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Teacher's Zest Infects His Student Actors

November 14, 1987|HILLIARD HARPER | San Diego County Arts Writer

CHULA VISTA — Bill Virchis was pushing his actors again, forcing them to think, to stretch beyond their reach.

"Why do you start saying 'New York, New York, New York'?" Virchis shouted from the back of Southwestern College's Mayan Hall to the 25 student actors on stage.

"Because he says 'New York,' " said one actor, referring to a character in the musical "Hair."


"Because the induction center is in New York?" said another tentatively.

"Riiight! Now I want to hear that direction in your voices. Where is the induction center?"

When the cast again chanted, "New York, New York, New York . . . " you could hear the difference.

Thinking and stretching are essential elements to Virchis' work ethic, especially stretching.

"If we aren't taking a chance, then why are we here?" he asked during a break in a rehearsal of "Hair" a week ago. Virchis' staging of the so-called "tribal love-rock musical," which premiered in 1968, opened Thursday at Mayan Hall and continues through Nov. 21.

Virchis has earned a reputation in 13 years at Southwestern College for directing unusual shows and for pushing his youthful casts to often-impressive performances.

"He picks wonderful shows and drives you hard," said Josephine Chavez. "In a short, minimum amount of time you really learn something." Chavez, who is working in San Juan Bautista with playwright Luis Valdez, played in "Evita" and "Rosa de Dos Aromas" for Virchis.

"His strong point is visual and movement and conceptual movement," she said. "His rehearsals are rigorous. The shows are a very hectic schedule. But he orchestrates all the talents and brings them together."

If he drives others, Virchis drives no one harder than himself. A native of Mexico City, Virchis did not walk until he was "6 or 7. I had extreme clubfoot," he said.

Virchis estimates that it took 70 operations on each foot before he was able to walk.

His father brought the family to Chula Vista, where Virchis wore braces until the seventh grade. Despite, or perhaps because of, his early physical handicap, movement became one Virchis' strengths.

He became a champion wrestler in high school.

"I was a legend of losing weight," a skill that kept Virchis in the 98-pound class, he said. "I could smell my mother's cooking. I would run while people were eating, and I got quite an appreciation for food, which made me hungry for other things," including theater.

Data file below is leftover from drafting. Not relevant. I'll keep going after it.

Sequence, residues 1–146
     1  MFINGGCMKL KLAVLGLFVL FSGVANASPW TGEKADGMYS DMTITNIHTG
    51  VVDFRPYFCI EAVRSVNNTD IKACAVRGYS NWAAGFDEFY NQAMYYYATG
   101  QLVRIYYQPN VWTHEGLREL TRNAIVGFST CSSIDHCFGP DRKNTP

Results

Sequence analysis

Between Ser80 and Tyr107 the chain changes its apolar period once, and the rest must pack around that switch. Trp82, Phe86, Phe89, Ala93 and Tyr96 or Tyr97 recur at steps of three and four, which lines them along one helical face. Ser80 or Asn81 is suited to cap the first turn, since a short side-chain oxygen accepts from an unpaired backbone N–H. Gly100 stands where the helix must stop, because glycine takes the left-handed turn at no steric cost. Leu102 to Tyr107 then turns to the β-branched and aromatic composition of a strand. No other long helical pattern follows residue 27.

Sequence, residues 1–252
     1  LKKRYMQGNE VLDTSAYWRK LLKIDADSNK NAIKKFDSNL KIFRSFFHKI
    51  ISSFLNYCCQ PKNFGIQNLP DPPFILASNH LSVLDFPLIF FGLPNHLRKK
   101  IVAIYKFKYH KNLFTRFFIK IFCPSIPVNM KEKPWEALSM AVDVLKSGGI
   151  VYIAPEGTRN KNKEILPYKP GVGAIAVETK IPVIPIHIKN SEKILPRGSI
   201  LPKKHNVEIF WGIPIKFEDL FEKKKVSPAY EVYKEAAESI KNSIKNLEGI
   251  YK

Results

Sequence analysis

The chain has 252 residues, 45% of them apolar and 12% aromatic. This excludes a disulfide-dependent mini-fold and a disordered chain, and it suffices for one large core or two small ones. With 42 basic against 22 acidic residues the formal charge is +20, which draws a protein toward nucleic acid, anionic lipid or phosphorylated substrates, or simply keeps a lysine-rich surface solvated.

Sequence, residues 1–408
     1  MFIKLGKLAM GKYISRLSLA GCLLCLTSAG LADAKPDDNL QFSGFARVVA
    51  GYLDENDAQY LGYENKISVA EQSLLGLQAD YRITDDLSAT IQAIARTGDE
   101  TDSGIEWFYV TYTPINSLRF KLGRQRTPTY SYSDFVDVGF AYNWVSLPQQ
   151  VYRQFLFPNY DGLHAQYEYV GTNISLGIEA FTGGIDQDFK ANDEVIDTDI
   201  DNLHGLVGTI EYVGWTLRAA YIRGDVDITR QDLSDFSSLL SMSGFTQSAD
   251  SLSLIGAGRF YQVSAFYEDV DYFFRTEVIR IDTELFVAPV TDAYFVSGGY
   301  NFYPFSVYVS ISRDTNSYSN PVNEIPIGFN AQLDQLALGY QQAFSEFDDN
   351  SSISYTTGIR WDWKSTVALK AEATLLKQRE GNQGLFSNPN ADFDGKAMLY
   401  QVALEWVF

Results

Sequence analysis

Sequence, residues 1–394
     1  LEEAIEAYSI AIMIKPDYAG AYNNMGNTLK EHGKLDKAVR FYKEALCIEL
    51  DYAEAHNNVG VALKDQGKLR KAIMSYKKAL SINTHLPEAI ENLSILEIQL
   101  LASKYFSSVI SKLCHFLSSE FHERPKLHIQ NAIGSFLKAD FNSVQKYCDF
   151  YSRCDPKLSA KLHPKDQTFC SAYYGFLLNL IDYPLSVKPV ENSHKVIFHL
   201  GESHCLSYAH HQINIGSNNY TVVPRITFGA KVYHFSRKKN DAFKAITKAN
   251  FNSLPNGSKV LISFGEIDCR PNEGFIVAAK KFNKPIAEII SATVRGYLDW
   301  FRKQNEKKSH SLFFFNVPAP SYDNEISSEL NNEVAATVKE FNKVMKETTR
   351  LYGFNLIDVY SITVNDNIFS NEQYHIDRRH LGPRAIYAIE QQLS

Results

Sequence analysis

He studied the dramatic arts, especially acting, at Southwestern College, San Diego State University and UCLA. He also studied movement with a master, mime Marcel Marceau.

Virchis returned to Southwestern, where he is chairman of the drama department. There he has made a reputation for producing recent, demanding Broadway musicals.

"If this were an automobile school, I wouldn't want to put out Model T's," he said. "I would want to put out Ferraris. I try to be in the pulse of the times so the students are conscious of what's being done. I mean, Shakespeare did not do Greek classics."

Virchis avoids traditional musicals in favor of what's current, staging "Evita," "The Wiz," "Nine" and "Jesus Christ Superstar." Next year he hopes to present the current Broadway hit "The Mystery of Edwin Drood."

"He tackles very creative kinds of shows, shows people usually don't do in an educational setting," said John Newhouse, technical director for Southwestern's drama department. The near-capacity houses at Mayan Hall indicate that there's an audience for such musicals.

"We're attracting audiences who know these aren't going to be the (tried and true) shows they see at Starlight Opera. They know they're going to get something different," Newhouse said.

"Hair," which has no book, fits the category of something different. But the 1960s are foreign to the cast, Virchis found.

"They didn't know anything about the '60s," Virchis said. "They have no idea about the commitment to (Marshall McLuhan's) global village held by that generation of 20 years ago. There's no spirituality today. I have to speak to their basic common sense about their own essence."

To communicate the ideas of freedom and revolt that permeated the '60s, Virchis read the cast rock music lyrics from Jimi Hendrix and the Beatles and period poetry.

"Hair" is shoehorned into an increasingly tight schedule for Virchis. Besides teaching theater classes, directing shows and doing the administrative tasks of his work at Southwestern, he is co-director of Old Globe Theatre's bilingual Teatro Meta.

Last month, he directed a Teatro Meta production of "Rosa de Dos Aromas" which played at the Centro Cultural Tijuana. Virchis is also creating a new bilingual theater company, tentatively called Teatro San Diego, which he hopes will present its first play next year.

Then there's wrestling. For years the stage director has helped coach Hilltop High School's wrestling team. He will help out one more year, Virchis said, beginning this week. For him, directing and coaching skills are interchangeable.

"I direct like I coach," he said. "I take a bunch of enthusiastic actors or wrestlers. The wrestler is like a writer; he's writing his own script. He's acting (the part of) a character who has to win. In acting, the character also has to win. He has to win the audience over to his role."

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